Serena Williams dismantled Barbora Strycova 6-1, 6-2 on Thursday on Centre Court at Wimbledon. The match lasted just 59 minutes.

The win takes Williams to her 11th Wimbledon final, which she will play on Saturday.

But it’s not just her 11th Wimbledon final, it’s also a chance to earn what she’s been chasing since she returned to competition 16 months ago following the September 2017 birth of her daughter: a 24th major championship.

With that, Serena Williams would tie Margaret Court for the most Grand Slam singles titles in tennis history.

But the challenges have come in different form: Superior opponents in the 2018 Wimbledon and U.S. Open finals; knee and ankle injuries that hampered her preparation and fitness this season; and the competing demands of work and motherhood.

Saturday at Wimbledon, Williams will get another chance at the history-making title.

Standing in her way will be Romania’s Simona Halep — like Williams, a former world No. 1 — who clinched her first spot in a Wimbledon final earlier in the day with a 6-1, 6-3 victory over Elina Svitolina of Ukraine.

Williams, 37, boasts a 9-1 record against Halep, whose lone major title, the 2018 French Open, was won on clay.

But Halep, 27, has declared herself a far different player than she was earlier in her career. Most notably, she has worked to make peace with competing on grass, which demands far different footwork than clay (Halep’s best surface) and rewards power more than steadiness.

Williams is a seven-time Wimbledon champion but arrived at the All England Club this year amid questions about her fitness and preparation. Because of her leg injuries, she had played only 12 matches all year and hadn’t come close to contesting a major.

She lost in the quarterfinals of January’s Australian Open, squandering a 5-1 lead in the final set after rolling an ankle.

Last month at the French Open, ailing with knee pain, she was ousted in the third round by 20-year-old American Sofia Kenin.

But at each round on the grass at Wimbledon, Williams has raised her level. And her serve, and return of serve, remain the best in the women’s game.

Match highlights

Final: Williams wins, 6-1, 6-2

Serena Williams will play for her eighth Wimbledon title after the rout of unseeded Barbora Strycova. Williams, 37, moved within one win of tying Margaret Court’s record of 24 major singles titles.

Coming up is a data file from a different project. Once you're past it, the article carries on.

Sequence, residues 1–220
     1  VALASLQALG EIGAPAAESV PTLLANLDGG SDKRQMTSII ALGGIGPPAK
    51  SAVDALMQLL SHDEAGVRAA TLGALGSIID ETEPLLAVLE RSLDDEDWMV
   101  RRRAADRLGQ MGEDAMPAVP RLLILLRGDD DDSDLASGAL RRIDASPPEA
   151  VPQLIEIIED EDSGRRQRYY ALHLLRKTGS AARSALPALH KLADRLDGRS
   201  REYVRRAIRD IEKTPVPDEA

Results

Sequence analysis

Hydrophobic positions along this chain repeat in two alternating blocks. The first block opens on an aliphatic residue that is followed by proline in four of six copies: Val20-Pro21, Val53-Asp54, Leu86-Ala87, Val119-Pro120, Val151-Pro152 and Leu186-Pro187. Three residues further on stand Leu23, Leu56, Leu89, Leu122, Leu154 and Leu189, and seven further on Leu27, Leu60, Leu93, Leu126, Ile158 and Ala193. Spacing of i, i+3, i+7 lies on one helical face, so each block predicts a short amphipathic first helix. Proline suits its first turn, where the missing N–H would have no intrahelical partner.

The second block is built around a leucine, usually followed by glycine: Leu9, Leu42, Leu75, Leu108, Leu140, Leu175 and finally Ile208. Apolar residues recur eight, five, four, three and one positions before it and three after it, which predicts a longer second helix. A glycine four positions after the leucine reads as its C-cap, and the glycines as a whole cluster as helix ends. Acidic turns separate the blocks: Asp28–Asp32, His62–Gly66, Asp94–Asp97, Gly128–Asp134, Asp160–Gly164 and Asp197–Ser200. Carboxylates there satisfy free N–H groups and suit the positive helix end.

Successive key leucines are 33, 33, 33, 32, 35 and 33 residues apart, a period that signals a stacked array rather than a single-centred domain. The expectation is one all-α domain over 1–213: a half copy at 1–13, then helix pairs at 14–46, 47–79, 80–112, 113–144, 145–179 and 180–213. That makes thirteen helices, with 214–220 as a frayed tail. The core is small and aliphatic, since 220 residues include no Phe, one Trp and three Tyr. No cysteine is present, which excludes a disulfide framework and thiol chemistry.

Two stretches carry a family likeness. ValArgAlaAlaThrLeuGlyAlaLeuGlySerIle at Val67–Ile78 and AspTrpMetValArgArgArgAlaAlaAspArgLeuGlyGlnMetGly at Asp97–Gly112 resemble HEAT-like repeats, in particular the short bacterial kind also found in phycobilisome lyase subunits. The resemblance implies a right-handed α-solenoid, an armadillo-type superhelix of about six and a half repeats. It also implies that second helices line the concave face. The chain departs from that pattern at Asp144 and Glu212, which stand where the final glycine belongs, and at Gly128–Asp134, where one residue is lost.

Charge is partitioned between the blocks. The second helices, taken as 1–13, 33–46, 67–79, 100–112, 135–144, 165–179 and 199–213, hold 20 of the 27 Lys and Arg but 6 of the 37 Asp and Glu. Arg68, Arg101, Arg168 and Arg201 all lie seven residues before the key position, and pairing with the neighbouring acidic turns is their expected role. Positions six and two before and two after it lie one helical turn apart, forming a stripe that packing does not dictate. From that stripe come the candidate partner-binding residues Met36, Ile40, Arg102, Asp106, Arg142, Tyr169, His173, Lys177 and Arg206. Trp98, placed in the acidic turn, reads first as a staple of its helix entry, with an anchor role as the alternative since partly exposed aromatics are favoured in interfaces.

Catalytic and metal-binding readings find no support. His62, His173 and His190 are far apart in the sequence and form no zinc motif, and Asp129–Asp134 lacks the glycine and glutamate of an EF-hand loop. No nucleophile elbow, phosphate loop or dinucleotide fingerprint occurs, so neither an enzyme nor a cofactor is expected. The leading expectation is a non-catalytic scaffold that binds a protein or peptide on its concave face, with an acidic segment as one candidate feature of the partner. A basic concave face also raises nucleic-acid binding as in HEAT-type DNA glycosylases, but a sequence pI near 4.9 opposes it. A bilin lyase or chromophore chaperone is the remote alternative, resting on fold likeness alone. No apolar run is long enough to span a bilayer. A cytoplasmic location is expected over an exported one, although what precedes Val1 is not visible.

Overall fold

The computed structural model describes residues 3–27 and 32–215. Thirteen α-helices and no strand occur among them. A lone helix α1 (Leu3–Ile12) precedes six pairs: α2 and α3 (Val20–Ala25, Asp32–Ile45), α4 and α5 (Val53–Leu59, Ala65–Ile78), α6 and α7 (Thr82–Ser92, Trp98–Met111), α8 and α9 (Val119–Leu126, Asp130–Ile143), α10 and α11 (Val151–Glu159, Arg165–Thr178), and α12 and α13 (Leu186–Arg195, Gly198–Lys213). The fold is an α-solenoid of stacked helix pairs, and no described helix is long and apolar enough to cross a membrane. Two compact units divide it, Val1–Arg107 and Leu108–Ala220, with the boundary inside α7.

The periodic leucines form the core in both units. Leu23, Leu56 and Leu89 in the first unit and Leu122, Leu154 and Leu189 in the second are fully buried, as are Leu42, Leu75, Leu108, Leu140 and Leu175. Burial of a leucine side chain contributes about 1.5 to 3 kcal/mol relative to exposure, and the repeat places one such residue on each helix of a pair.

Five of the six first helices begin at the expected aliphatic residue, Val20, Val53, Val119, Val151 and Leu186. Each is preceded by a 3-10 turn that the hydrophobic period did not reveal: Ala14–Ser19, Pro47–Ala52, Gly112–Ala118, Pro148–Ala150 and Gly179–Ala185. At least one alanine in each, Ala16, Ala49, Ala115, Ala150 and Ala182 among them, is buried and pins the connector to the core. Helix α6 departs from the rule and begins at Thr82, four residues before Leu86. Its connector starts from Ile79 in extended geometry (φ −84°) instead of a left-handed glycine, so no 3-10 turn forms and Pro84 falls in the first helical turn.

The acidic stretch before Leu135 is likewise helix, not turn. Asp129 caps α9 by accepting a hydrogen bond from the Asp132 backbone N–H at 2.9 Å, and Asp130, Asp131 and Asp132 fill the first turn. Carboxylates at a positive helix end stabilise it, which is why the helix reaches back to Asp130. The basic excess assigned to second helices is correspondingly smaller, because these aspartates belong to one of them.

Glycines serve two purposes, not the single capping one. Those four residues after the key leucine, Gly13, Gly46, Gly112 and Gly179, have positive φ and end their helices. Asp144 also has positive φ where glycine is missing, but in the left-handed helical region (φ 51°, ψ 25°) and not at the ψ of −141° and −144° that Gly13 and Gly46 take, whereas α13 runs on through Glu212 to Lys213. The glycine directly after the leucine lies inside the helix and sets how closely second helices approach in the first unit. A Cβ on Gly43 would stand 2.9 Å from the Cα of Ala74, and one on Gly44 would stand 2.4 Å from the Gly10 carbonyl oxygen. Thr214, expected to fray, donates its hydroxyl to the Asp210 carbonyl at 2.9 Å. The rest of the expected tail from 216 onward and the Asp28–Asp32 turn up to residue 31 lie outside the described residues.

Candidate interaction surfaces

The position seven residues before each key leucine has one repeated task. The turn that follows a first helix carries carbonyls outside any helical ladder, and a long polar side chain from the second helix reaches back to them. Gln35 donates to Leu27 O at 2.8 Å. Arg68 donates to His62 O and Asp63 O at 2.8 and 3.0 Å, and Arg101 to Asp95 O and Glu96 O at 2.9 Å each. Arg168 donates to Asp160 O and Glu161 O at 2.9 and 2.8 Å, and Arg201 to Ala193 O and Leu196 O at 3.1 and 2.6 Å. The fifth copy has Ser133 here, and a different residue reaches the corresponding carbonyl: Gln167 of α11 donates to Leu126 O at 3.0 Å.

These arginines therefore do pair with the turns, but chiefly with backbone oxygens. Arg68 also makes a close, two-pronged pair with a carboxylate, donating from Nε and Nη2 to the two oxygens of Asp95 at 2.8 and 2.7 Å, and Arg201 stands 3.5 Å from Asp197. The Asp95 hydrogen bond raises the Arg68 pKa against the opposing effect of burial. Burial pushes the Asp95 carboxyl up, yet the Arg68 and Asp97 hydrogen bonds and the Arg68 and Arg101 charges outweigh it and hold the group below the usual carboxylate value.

Williams, the 11th seed, will face No. 7 Simona Halep of Romania in Saturday’s final.

Second set: Williams keeps her lead, 4-2

Williams remains in control in the second set, breaking Strycova’s serve again in the fifth game then converting to take a two-game lead. She’s moving Strycova around side-to-side on that (potentially) tender ankle and frustrating the Czech woman enough that she’s shouted at her box a few times this set. Williams looks to be in cruise control now, and playing as well as — if not better — than we’ve seen all year.

First set: Williams wins, 6-1

Strycova appeared to tweak her right ankle fairly early in the first set, and whether that hampered her play or not, little is going right for the first-time major semifinalist. Strycova had trouble serving and Williams feasted on her slower second serves, needing just 27 minutes to take the first set. The American saved all three break points on her serve and looked confident moving forward; she won 9 of 10 points she played at net.

First set: Williams breaks serve to take a 4-1 edge

Williams broke Strycova’s serve in the fourth game of the first set with an off-balance forehand passing shot. The 23-time major champion was short on match play coming into Wimbledon but those extra mixed doubles matches with Andy Murray appear to have paid off: Williams looks to be moving great in her 12th career semifinal and dictating shots with relative ease.

Halep wins first semifinal

The first player through to Wimbledon’s semifinals is No. 7 seed Simona Halep, the former world No. 1, who defeated Ukraine’s Elina Svitolina 6-1, 6-3 Thursday.

Halep advances to play either Serena Williams or Barbora Strycova in her fifth career final at a Grand Slam event but first at Wimbledon. The 2018 French Open champion is looking to back up her lone major title.

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